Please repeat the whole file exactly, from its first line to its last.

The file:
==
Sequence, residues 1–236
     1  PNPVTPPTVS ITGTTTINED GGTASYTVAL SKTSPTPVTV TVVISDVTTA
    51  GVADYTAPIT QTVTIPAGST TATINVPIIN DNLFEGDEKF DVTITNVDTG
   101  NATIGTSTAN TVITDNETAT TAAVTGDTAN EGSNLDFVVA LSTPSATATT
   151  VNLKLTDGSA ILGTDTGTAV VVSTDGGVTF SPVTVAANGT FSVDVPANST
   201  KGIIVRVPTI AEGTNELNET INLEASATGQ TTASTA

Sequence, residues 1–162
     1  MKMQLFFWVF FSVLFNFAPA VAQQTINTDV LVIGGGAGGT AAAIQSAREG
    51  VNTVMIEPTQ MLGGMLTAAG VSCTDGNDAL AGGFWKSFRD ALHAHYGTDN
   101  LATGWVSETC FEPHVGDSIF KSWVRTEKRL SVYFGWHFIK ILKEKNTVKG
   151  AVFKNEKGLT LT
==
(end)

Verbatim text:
Sequence, residues 1–236
     1  PNPVTPPTVS ITGTTTINED GGTASYTVAL SKTSPTPVTV TVVISDVTTA
    51  GVADYTAPIT QTVTIPAGST TATINVPIIN DNLFEGDEKF DVTITNVDTG
   101  NATIGTSTAN TVITDNETAT TAAVTGDTAN EGSNLDFVVA LSTPSATATT
   151  VNLKLTDGSA ILGTDTGTAV VVSTDGGVTF SPVTVAANGT FSVDVPANST
   201  KGIIVRVPTI AEGTNELNET INLEASATGQ TTASTA

Sequence, residues 1–162
     1  MKMQLFFWVF FSVLFNFAPA VAQQTINTDV LVIGGGAGGT AAAIQSAREG
    51  VNTVMIEPTQ MLGGMLTAAG VSCTDGNDAL AGGFWKSFRD ALHAHYGTDN
   101  LATGWVSETC FEPHVGDSIF KSWVRTEKRL SVYFGWHFIK ILKEKNTVKG
   151  AVFKNEKGLT LT